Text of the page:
MERS vaccine research accelerates as COVID-19 pandemic ends

Gary Finnegan

Gary Finnegan

June 6th, 2023

Gary Finnegan

‘36% of people who develop Middle-East Respiratory Syndrome (MERS) have died. While there is no cause for alarm, scientists are stepping up the search for a vaccine.’

A coronavirus, apparently originating in animals before spreading to humans, causing severe respiratory illness. It may sound like a familiar story but it takes a very different turn to the one that led to the global COVID-19 pandemic. 

  • MERS-CoV was first identified in 2012 ‒ it is caused by a coronavirus
  • Large outbreaks have been reported in Saudi Arabia and South Korea
  • Symptoms include fever, cough and shortness of breath, as well as pneumonia and gastrointestinal problems in some patients 
  • MERS is transmitted from camels to humans and from human to human in close contact (such as a healthcare setting)
  • MERS vaccine research helped to catalyse COVID-19 vaccine development ‒ now advances in COVID-19 vaccines may accelerate work on MERS vaccines



The story begins in Saudi Arabia in 2012 where doctors treating a patient who had presented with a mystery illness identified a new disease. It looked a little like the Severe Acute Respiratory Syndrome (SARS) first seen in 2003, but the fatality rate turned out to be much higher. 

Concern grew as major outbreaks were recorded in Saudi Arabia and South Korea, with cases reported in multiple countries. The disease appears to come from dromedary camels and is most commonly found in regions with relatively high populations of camels. Person-to-person transmission has also been seen in the UK and France. 

As well as posing a public health threat, outbreaks come at an economic cost. South Korea’s 2015 epidemic cost an estimated $8 billion (USD). 

Where are we now?

The good news is that cases appear to have fallen sharply over the past decade. And, where they occur, the size of the epidemics since 2015 have been small ‒ usually less than a dozen cases. 

‘The peaks are getting smaller and smaller,’ Dr Sophie von Dobschuetze,WHO technical lead for MERS-CoV, told a webinar in late May 2023. ‘There has been a real dip since 2020.’ This may be the result of a combination of factors including cases going unreported, the impact of COVID-related social distancing measures, and possible cross-protection from COVID-19 vaccines or infection.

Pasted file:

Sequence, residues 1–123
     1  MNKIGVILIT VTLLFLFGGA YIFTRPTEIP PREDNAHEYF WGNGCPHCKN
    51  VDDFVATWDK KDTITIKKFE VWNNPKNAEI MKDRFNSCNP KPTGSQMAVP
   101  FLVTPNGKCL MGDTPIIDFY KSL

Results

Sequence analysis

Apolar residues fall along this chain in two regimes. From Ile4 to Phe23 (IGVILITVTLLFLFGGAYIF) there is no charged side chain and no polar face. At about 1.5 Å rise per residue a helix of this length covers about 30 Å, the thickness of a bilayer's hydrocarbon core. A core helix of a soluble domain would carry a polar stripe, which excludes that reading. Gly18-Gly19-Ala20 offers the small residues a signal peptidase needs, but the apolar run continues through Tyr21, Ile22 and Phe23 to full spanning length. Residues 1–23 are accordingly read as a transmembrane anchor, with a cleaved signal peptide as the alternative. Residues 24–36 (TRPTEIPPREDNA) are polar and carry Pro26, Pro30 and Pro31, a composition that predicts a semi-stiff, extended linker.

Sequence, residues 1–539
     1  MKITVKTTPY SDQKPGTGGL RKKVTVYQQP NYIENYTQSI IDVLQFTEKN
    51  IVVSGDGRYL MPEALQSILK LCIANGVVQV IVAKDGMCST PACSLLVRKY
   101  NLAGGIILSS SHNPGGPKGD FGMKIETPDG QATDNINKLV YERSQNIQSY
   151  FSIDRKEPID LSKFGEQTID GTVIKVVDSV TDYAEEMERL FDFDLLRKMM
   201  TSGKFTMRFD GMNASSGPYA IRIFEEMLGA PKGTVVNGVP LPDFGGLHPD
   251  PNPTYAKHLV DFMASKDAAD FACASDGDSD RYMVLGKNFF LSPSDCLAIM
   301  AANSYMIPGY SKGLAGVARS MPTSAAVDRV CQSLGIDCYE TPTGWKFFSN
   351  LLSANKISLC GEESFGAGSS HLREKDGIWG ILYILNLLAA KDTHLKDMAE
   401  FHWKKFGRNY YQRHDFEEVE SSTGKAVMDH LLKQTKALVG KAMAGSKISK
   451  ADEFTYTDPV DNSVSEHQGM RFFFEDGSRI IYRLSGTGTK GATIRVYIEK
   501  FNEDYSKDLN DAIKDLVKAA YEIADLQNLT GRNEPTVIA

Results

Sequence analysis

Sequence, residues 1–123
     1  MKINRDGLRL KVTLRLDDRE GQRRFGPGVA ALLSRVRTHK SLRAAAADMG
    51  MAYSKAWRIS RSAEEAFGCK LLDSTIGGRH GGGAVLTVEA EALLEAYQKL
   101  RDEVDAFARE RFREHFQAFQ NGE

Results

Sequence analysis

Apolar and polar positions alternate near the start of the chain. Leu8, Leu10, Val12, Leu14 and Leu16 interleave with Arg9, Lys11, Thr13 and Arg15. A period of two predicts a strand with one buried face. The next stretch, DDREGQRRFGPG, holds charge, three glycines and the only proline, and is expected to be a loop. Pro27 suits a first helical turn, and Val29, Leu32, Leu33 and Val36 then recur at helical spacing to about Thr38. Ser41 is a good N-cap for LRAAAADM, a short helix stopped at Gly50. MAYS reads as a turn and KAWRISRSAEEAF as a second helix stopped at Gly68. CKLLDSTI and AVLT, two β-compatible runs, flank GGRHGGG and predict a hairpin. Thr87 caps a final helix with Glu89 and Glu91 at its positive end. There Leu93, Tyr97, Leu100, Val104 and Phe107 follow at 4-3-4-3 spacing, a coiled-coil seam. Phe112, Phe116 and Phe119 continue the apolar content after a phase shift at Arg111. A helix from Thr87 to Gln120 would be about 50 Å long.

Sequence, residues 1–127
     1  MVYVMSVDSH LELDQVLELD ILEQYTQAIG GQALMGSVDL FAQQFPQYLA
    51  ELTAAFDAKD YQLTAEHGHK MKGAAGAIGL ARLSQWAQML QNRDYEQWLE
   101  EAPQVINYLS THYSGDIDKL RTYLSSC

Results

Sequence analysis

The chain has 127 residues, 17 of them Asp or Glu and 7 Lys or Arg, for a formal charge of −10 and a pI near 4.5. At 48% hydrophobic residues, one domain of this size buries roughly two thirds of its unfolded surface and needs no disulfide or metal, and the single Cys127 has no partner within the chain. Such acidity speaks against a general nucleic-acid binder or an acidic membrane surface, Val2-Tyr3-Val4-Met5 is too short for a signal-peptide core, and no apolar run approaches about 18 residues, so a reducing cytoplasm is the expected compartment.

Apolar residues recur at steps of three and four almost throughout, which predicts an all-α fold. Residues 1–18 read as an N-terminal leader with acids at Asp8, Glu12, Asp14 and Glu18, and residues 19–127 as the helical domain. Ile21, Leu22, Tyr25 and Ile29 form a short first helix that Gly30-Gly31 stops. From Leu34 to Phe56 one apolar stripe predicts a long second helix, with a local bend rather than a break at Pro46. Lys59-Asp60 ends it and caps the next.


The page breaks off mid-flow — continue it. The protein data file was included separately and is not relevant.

As there are no licensed treatments or vaccines, MERS remains a priority for the WHO, particularly given its potential to spread more widely. ‘The Risk of MERS-CoV emergence and spillover is higher in northern Africa and the Middle East,’ Dr von Dobschuetze said, adding that MERS should be considered in preparing for future pandemics. 

In fact, just as countries that have responded to MERS outbreaks were well prepared for the COVID-19 pandemic, the COVID-19 response will inform preparations for outbreaks of MERS or other respiratory infections. 


Dr Emad Almohammadi, Chief Officer for Communicable Diseases in Saudi Arabia, said his country’s One Health Approach ‒ which aims to address human, animal and environmental health in a holistic way, helped it to prepare. 

‘We are using this experience and COVID-19 to prepare for the next pandemic,’ he said. ‘We have put in place stronger surveillance and data sharing, standards and audit of hospitals, training for community engagement, and improved lab capacity.’

The global lab network developed to manage MERS was used to rapidly sequence the SARS-CoV-2 virus ‒ a key step in developing vaccines and COVID-19 tests. 

‘Years of vaccine development for MERS were quickly used for COVID-19,’ said Dr Maria Van Kerkhove, WHO lead on Emerging Diseases & Zoonoses, as well as being the COVID-19 Technical lead. ‘The work we’ve done for MERS, SARS-CoV-2, influenza and arboviruses will help us to prepare for the next pandemic ‒ whatever it may be.’

Preparation, not panic

Experts say there is no need to worry unduly about the threat of MERS. Instead, the goal of highlighting the risk of outbreaks, and experiences of Saudi Arabia and South Korea, is to boost overall pandemic preparedness. 

Dr Sylvie Briand, Director of the Pandemic and Epidemic Diseases Department at the WHO, referred to some of the commentary on social media suggesting that the focus on MERS was a deliberate attempt to replace COVID-related anxiety. ‘That’s not the purpose at all,’ Dr Briand said. ‘MERS has been with us since 2012. If we know the risk well, we can manage it well. Preparedness counts.’